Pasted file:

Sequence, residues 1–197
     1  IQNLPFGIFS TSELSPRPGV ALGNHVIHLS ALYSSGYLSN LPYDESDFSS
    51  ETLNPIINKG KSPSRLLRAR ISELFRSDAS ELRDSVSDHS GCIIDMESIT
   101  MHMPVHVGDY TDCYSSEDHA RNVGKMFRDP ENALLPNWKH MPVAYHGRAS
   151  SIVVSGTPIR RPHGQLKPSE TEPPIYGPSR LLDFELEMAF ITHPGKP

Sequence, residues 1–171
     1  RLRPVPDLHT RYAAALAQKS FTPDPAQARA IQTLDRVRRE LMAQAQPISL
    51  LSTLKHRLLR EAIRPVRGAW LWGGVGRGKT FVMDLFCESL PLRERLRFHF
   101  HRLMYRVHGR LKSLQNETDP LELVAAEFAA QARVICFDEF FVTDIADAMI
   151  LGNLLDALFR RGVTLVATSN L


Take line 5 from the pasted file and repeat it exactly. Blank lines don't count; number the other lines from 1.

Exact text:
   151  SIVVSGTPIR RPHGQLKPSE TEPPIYGPSR LLDFELEMAF ITHPGKP